Kilauea Eruption Marks 30th Anniversary
Today marks the 30th anniversary of Kilauea’s ongoing eruption.
As detailed by the Hawaiian Volcano Observatory in today’s Volcano Watch column, the on-again, off-again eruption began on Jan. 3, 1983 with the opening of a fissure in the volcano’s east rift zone.
Scientists at HVO say unlike rift eruptions of the previous two decades, this one began producing towering lava fountains, some exceeding 1,500 feet in height.
The fountains occurred about every three weeks and lasted about a day. They also provided the ash that built the Pu`u `O`o cone, which eventually reached a height of 835 feet.
The flows generated during those eruptions were of fast moving `a`a lava, some of which overran houses in the remote Royal Gardens subdivision on Kilauea’s flank, the first of the 214 structures that would eventually be destroyed.
In 1986, the eruption shifted about two miles to the east where it built up the broad Kupaianaha lava shield that produced more fluid pahoehoe flows.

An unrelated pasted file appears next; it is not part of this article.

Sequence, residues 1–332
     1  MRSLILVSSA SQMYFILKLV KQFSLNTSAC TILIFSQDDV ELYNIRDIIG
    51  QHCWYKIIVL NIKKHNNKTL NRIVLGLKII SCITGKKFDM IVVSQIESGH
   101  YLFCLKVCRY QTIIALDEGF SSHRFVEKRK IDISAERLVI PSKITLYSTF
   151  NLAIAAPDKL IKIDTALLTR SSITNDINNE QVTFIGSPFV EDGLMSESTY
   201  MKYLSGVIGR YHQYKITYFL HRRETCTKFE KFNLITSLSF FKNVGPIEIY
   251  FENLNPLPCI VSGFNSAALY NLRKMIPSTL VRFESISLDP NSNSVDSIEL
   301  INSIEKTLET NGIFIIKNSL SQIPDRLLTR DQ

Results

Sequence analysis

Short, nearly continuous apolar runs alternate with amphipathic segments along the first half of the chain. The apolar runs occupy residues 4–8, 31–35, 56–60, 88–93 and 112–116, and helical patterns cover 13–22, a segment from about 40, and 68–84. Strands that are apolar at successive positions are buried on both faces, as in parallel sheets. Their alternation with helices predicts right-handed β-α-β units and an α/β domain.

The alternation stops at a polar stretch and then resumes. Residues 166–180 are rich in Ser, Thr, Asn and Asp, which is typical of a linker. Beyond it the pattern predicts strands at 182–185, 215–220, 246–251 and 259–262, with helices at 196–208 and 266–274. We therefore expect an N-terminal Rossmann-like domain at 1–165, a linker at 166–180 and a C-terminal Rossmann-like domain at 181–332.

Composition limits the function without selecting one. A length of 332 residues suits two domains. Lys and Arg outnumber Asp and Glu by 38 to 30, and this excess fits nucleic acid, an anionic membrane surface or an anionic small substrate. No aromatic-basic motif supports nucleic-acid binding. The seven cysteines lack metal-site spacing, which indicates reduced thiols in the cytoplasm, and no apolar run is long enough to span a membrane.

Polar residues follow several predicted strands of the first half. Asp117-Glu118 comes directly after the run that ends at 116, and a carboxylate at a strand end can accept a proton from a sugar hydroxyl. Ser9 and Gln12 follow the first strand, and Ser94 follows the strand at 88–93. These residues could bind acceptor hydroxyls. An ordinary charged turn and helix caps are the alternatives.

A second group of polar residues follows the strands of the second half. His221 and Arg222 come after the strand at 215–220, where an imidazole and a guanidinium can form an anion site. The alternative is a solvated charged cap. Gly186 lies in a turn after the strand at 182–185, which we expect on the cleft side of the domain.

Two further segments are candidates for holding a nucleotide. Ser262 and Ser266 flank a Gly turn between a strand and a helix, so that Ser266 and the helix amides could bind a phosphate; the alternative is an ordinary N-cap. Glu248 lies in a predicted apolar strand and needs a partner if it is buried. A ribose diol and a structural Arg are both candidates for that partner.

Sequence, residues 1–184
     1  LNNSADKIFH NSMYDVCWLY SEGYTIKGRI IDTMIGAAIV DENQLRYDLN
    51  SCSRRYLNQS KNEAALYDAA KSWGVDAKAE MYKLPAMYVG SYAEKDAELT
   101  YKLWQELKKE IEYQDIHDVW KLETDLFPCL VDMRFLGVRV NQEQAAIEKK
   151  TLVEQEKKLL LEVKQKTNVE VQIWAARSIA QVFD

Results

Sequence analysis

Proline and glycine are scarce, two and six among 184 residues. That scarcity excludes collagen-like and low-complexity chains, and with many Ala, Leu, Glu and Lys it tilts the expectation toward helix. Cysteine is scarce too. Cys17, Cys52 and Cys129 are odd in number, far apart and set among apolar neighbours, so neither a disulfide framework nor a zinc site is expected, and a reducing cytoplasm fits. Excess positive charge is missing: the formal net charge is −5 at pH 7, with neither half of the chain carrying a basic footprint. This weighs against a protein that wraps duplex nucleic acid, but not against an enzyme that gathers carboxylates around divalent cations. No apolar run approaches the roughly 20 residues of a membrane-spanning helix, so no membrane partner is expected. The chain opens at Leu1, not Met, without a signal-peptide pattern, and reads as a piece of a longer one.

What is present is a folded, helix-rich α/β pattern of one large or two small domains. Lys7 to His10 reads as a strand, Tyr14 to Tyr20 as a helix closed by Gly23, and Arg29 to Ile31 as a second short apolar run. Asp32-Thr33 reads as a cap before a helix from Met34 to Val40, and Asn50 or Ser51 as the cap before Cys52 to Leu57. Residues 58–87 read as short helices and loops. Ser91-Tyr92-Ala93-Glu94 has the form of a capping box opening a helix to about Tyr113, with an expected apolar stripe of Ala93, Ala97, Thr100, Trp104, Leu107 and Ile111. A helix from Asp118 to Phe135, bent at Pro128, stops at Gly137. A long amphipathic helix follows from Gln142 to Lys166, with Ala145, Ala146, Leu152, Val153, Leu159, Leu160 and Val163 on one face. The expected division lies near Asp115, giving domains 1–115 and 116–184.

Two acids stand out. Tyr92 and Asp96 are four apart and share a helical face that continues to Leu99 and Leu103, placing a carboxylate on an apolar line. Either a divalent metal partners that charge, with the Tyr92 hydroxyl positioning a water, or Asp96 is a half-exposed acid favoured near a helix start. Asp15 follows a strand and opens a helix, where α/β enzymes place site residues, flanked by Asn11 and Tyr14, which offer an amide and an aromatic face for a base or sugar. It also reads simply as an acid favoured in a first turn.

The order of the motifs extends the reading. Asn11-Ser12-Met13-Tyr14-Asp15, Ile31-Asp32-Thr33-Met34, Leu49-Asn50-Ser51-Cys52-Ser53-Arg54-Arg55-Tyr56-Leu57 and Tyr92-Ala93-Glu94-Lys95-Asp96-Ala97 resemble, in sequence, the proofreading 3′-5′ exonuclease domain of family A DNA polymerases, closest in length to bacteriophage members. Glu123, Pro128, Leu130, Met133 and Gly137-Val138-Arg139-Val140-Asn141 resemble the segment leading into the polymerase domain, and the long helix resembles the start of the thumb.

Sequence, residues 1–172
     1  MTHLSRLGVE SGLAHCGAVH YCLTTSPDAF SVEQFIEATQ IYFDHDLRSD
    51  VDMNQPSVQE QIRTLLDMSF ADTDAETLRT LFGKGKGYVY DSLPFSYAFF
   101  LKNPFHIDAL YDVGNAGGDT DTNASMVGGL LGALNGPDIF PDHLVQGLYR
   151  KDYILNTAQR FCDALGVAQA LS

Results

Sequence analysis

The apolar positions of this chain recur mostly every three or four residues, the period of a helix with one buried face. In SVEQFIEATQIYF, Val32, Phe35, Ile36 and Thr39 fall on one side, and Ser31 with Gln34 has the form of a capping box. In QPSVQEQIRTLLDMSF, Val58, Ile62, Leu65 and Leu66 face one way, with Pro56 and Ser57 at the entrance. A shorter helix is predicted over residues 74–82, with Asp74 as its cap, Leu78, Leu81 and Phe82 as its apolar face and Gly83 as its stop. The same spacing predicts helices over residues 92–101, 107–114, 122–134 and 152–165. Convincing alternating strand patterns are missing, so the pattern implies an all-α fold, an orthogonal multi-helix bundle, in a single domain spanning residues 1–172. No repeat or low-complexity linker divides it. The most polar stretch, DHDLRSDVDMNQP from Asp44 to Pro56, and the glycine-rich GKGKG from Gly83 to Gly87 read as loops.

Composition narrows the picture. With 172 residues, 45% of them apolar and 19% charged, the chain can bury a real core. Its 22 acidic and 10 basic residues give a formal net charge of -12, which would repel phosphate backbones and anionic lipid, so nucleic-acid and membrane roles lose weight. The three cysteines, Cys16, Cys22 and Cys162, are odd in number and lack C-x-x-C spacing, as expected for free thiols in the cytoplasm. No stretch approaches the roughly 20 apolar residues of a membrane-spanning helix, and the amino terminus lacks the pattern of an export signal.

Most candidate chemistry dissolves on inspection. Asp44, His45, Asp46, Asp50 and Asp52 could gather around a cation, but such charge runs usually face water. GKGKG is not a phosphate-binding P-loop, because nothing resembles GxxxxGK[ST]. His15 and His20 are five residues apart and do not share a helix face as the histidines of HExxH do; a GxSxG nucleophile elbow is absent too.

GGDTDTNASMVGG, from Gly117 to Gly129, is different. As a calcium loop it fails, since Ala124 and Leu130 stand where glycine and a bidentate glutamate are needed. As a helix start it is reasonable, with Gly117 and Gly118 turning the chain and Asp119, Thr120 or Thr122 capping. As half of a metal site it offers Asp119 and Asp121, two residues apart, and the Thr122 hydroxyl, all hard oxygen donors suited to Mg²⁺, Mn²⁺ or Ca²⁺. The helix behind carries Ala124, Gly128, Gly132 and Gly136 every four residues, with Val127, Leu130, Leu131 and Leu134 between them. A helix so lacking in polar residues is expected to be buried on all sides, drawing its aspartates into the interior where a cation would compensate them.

Though they moved more slowly, the pahoehoe flows created lava tubes as they advanced. The outer surface of the tubes cooled, allowing the lava inside to creep further and further down the volcano’s slopes.
In 1990 the molten rock reached the coastal communities of Kalapana.
The eruption shifted back to Pu`u `O`o in 1992 and again began building lava tube networks that channeled lava that widened the flow field.
Disruptions in the magma conduit resulted in eruptions in several other areas in 1997 and 2007, the latter being “Fissure D” located between Pu`u `O`o and Kupaianaha, where the eruption continued for nearly four years.
The September 2011 vent that opened on the east flank of Pu`u `O`o remains active today.
Over the past three decades, the eruption has covered 48 square miles with lava.